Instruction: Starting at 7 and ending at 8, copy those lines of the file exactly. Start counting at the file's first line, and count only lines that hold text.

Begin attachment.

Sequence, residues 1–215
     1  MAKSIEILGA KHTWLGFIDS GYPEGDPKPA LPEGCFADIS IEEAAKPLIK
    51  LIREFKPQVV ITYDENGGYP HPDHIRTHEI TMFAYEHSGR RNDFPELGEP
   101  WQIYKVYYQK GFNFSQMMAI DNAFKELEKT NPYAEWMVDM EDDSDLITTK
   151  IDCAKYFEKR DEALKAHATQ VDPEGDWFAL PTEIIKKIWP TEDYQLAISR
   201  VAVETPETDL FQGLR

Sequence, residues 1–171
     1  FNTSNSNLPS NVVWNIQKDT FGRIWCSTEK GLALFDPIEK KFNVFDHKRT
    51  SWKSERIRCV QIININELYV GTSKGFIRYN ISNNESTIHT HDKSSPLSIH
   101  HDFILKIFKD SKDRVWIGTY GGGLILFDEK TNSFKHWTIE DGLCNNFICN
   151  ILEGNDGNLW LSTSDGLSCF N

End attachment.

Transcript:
Sequence, residues 1–171
     1  FNTSNSNLPS NVVWNIQKDT FGRIWCSTEK GLALFDPIEK KFNVFDHKRT